Effects of Preoperative Parental Pain Management Educational Interventions on the Postoperative Pain Intensity and Duration of Small Children Who Underwent One-Day Surgery: A Prospective Randomized Controlled Trial
1Department of Pediatric Intensive Therapy, Division of Surgery, University Medical Centre Ljubljana, Ljubljana, Slovenia
2Faculty of Health Science, University of Maribor, Maribor, Slovenia
3Rho Sigma Research & Statistics, Novo Polje cesta I 55 c, Ljubljana, Slovenia
4Faculty of Criminal Justice nad Security University of Maribor, Ljubljana, Slovenia
5Neonatology Section, Department of Perinatology, Division of Obstetrics and Gynecology, University Medical Centre Ljubljana, Slovenia
6Chair of Pediatrics, Faculty of Medicine, University of Ljubljana, Ljubljana, Slovenia
Online publish date: 16 September 2020
Objectives: To evaluate effects of parental pain management educational interventions on postoperative pain assessment, intensity and duration of small children after a one-day-pediatric surgery. Methods: We conducted a prospective randomized, observational study of parental and nurse’s pain assessments in children. The Parents’ Postoperative Pain Management rating scale (PPPM), Wong-Baker FACES Pain Rating Scale (W-B) or the Numerical Rating Scale (NRS) was used. The children’s pain was assessed by parents who were or were not (intervention vs. control groups) preoperatively educated about pain management postoperatively in the hospital and the first three days at home. Nurses who cared for the children postoperatively in the hospital, independently from the parents, assessed the children’s postoperative pain with W-B and NRS. Results: One hundred and fifty-two parents and their children were included in the study. Complete data were available for 142 parents and their children, with one parent, usually the mother (108 (76.1 %)), being involved at all stages of the study. No differences in children’s postoperative pain scores and analgesic use at home were found between the two parental groups (intervention and control groups). Parental pain scores after surgery was strongly positively correlated with pain duration, and analgesic use by their children at home. Pain intensity scores assessed by nurses in the hospital were lower compared to parental pain intensity scores. There was high inter-rater reliability between the PPPM, Wong-Baker, and NRS scales. Conclusions: No differences in postoperative pain in children were found between the intervention and control groups of parents. Parents gave higher scores of pain intensity in children than nurses did.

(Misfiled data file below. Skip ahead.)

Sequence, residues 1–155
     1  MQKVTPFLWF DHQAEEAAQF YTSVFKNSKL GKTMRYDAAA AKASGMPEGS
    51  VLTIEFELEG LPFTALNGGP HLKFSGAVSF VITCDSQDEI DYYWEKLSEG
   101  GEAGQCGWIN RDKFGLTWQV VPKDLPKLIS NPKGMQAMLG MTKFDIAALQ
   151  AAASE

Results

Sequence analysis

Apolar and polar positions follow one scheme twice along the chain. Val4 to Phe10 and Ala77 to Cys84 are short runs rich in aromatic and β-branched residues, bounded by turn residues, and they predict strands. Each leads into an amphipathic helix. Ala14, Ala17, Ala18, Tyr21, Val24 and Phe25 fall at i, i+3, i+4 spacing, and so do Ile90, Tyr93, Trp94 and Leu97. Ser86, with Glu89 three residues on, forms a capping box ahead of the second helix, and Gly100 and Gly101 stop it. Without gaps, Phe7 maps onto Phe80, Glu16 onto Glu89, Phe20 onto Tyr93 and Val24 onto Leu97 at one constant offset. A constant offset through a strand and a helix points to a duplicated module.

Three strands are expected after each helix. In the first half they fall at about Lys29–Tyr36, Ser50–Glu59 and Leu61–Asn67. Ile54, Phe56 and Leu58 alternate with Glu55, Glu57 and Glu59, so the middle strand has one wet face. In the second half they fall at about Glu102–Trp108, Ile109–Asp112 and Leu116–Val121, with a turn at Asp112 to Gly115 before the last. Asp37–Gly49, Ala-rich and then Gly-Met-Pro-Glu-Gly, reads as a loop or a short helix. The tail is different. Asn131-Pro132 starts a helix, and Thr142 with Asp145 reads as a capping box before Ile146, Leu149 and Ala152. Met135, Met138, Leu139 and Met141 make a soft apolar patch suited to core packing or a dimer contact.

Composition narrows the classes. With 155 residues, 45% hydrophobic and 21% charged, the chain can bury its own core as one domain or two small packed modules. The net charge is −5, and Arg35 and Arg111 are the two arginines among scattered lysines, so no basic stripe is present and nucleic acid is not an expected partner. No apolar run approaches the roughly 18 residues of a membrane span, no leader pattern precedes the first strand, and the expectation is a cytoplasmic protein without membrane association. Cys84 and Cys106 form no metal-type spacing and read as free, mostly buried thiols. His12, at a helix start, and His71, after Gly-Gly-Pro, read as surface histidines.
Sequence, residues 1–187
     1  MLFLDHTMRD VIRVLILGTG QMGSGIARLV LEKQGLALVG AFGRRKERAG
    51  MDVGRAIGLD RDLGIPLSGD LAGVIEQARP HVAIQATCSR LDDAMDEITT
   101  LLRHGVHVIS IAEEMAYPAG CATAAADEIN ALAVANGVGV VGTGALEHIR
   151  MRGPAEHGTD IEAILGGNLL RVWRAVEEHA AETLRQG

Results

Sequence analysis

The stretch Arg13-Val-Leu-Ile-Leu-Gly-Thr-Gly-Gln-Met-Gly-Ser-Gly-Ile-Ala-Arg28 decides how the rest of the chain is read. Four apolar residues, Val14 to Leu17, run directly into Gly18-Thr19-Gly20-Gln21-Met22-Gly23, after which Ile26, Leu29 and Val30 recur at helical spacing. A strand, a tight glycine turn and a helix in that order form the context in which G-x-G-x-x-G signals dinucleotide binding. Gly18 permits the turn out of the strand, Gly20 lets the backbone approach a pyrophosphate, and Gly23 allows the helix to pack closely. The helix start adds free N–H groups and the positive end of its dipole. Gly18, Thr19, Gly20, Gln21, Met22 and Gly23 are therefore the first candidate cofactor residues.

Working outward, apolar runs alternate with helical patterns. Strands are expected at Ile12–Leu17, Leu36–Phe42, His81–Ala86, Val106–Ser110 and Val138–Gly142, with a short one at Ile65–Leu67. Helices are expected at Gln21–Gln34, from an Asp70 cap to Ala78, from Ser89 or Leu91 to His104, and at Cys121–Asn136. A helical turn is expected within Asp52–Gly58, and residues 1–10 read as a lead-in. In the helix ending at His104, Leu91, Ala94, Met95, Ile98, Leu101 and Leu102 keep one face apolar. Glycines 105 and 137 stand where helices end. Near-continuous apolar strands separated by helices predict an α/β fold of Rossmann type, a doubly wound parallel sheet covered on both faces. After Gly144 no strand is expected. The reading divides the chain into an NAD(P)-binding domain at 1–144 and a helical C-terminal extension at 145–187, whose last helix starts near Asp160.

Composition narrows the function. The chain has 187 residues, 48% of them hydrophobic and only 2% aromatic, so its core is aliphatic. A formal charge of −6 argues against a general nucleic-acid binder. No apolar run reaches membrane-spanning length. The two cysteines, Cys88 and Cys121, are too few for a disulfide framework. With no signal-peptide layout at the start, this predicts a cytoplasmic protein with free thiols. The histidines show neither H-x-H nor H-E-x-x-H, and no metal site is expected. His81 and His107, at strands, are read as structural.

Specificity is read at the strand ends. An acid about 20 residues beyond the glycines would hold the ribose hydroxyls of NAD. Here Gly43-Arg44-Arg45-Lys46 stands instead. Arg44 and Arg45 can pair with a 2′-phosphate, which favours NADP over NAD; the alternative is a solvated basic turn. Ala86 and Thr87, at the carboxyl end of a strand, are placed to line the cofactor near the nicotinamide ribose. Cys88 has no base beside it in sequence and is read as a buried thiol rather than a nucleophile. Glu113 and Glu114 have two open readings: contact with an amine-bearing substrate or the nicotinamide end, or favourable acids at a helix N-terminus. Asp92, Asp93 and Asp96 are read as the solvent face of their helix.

Pain rating scales, Small child, Surgery, One-day hospital, Parents, Pain
Dejan Kobal,Barbara Kegl,Vanja Erculj,Stefan Grosek. Effects of Preoperative Parental Pain Management Educational Interventions on the Postoperative Pain Intensity and Duration of Small Children Who Underwent One-Day Surgery: A Prospective Randomized Controlled Trial. Signa Vitae. 2020.doi:10.22514/sv.2020.16.0057.
 McGrath PJ, Stevens BJ, Walker SM, and Zempsky WT. Oxford Textbook of Paediatric Pain. 1st ed. Oxford University Press. 2014. p. 687.
 Wong Baker FACESfoundation. (n.d.). 2015. Accessable on: http://wongbakerfaces.org/.
 Fogel KJ, Gerkensmeyer JE, Joyce BA, et al. Validity of the Faces and Word Descriptor scales to measure procedural pain. J Pediatr Nurs. 1996;11:368-374.
 Hunter M, McDowell L, Hennessey R, et al. An evaluation of the Faces Pain Scale with young children. J Pain Symptom Manage. 2000;20:122-129.